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It seems that sticking to POST is the way to go because it results in clean looking URLs. GET seems to create long confusing URLs. POST is also better in terms of security. Good for protecting passwords in forms. In fact I hear that many developers only use POST for forms. I have also heard that many developers never really use GET at all.

So why and in what situation would one use GET if POST has these 2 advantages?

What benefit does GET have over POST?

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Duplicate of When do you use POST and when do you use GET? –  BalusC Nov 19 '10 at 16:05

4 Answers 4

you are correct, however it can be better to use gets for search pages and such. Places where you WANT the URL's to be obvious and discoverable. If you look at Google's (or any search page), it puts a www.google.com/?q=my+search at the end so people could link directly to the search.

You actually use GET much more than you think. Simply returning the web page is a GET request. There are also POST, PUT, DELETE, HEAD, OPTIONS and these are all used in RESTful programming interfaces.

GET vs. POST has no implications on security, they are both insecure unless you use HTTP/SSL.

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Sometimes you want your web application to be discoverable as in users can just about guess what a URL should be for a certain operation. It gives a nicer user experience and for this you would use GET and base your URLs on some sort of RESTful specification like http://microformats.org/wiki/rest/urls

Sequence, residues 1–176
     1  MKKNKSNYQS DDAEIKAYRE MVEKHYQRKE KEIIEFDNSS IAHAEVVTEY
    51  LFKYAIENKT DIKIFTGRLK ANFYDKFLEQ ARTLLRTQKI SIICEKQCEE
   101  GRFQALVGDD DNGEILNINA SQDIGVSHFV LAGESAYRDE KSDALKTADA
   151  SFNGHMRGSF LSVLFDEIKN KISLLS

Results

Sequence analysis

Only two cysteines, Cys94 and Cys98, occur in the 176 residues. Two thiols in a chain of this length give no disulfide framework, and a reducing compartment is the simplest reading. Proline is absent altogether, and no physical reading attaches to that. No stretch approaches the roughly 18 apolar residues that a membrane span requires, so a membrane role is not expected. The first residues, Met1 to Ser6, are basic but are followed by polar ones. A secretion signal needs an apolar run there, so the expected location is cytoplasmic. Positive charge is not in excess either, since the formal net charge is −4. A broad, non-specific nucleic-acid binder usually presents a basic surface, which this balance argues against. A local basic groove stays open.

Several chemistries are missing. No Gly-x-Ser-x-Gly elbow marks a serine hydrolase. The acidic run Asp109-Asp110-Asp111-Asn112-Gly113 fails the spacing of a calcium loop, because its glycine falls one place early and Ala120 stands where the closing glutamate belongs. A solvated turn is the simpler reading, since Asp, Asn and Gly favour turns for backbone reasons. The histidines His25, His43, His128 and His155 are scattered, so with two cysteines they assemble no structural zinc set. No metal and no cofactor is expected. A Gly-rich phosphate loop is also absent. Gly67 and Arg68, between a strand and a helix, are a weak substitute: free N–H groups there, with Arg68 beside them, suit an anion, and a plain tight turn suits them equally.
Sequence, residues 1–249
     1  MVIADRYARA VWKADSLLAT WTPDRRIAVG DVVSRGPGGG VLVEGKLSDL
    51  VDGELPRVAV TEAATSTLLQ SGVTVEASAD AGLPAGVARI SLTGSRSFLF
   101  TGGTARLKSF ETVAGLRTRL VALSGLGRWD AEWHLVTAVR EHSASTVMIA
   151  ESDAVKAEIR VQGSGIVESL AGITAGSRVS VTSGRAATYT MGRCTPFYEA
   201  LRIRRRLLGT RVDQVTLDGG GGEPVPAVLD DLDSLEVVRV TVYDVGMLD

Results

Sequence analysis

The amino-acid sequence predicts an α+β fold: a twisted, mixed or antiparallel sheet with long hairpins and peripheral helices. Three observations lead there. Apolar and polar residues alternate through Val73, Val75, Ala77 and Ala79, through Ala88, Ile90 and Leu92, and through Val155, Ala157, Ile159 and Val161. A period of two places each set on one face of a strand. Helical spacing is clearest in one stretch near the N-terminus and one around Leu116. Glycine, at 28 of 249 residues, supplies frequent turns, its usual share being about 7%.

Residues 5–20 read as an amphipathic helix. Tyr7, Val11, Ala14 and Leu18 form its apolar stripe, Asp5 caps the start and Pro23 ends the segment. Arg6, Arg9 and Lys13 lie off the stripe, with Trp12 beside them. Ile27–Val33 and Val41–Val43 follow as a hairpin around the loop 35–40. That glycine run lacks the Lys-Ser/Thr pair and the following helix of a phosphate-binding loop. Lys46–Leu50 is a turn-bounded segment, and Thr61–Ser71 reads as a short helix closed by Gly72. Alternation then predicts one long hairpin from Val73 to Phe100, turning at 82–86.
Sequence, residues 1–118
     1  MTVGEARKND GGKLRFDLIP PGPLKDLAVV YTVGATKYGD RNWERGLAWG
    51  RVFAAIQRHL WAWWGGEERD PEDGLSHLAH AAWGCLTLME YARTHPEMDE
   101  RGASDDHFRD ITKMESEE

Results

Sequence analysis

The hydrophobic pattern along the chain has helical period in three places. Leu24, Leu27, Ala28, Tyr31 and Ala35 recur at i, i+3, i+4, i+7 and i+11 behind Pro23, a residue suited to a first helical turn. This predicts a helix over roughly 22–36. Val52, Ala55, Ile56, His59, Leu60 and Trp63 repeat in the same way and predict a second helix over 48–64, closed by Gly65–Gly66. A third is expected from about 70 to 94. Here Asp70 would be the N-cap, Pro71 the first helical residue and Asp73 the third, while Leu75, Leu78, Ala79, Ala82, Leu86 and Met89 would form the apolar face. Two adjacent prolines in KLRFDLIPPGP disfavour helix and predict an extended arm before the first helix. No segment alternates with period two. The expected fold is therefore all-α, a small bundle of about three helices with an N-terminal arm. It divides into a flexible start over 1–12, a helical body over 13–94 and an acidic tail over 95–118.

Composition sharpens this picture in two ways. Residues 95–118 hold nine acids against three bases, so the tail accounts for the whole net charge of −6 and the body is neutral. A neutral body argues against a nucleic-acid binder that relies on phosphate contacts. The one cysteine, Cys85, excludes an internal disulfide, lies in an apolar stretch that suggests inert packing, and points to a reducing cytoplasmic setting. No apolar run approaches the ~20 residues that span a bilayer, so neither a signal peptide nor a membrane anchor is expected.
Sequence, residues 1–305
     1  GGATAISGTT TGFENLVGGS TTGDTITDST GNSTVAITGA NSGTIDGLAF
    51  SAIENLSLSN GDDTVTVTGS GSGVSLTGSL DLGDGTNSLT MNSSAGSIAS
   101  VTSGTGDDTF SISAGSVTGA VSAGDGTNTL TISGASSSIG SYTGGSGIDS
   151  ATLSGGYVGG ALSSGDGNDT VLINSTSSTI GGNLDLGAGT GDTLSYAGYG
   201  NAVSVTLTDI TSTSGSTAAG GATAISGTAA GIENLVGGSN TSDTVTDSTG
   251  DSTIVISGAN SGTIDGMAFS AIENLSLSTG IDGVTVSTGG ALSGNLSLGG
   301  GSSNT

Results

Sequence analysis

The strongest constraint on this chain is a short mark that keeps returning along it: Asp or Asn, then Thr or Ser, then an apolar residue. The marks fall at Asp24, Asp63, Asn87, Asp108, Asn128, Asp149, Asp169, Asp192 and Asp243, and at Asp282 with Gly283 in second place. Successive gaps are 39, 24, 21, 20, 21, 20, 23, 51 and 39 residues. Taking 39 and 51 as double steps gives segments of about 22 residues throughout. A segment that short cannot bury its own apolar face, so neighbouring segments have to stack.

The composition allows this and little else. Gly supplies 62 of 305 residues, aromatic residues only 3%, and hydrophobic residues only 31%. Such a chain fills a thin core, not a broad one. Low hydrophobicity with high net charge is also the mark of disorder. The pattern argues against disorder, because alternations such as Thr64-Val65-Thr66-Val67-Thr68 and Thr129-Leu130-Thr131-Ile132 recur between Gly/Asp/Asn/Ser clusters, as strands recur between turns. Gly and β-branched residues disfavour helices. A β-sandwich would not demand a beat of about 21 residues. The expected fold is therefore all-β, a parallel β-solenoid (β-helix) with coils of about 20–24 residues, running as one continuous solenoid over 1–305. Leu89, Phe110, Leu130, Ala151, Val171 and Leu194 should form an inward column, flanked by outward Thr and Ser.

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If by 'web application' you mean 'website', as a developer you don't really have any choice. It's not you as a developer that makes the GET or POST requests, it's your user. They make the requests via their web browser.

When you request a web page by typing its URL into the address bar of the browser (or clicking a link, etc), the browser issues a GET request.

When you submit a web page using a button, you make a POST request.

In a GET request, additional data is sent in the query string. For example, the URL www.mysite.com?user=david&password=fish sends the two bits of data 'user' and 'password'.

In a POST request, the values in the form's controls (e.g. text boxes etc) are sent. This isn't visible in the address bar, but it's completely visible to anyone viewing your web traffic.

Both GET and POST are completely insecure unless SSL is used (e.g. web addresses beginning https).

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Clicking a button can either do a GET or a POST, it depends on the method set for the form. A form can submit its control values in the query string of a GET request. This may or may not be desirable, depending on what you're doing with it. –  Nate C-K Sep 6 '11 at 22:10

Check the manual, I'm surprised that nobody has pointed out that GET and POST are semantically different and intended for quite different purposes.

While it may appear in a lot of cases that there is no functional difference between the 2 approaches, until you've tested every browser, proxy and server combination you won't be able to rely on that being a consistent in every case. e.g. mobile devices / proxies often cache aggressivley even where they are requested not to (but I've never come across one which incorrectly caches a POST response).

The protocol does not allow for anything other than simple, scalar datatypes as parameters in a GET - e.g. you can only send a file using POST or PUT.

There are also implementation constraints - last time I checked, the size of a URL was limited to around 2k in MSIE.

Finally, as you've noted, there's the issue of data visibility - you may not want to allow users to bookmark a URL containing their credit card number / password.

POST is the way to go because it results in clean looking URLs

That rather defeats the purpose of what a URL is all about. Read RFC 1630 - The Need For a Universal Syntax.

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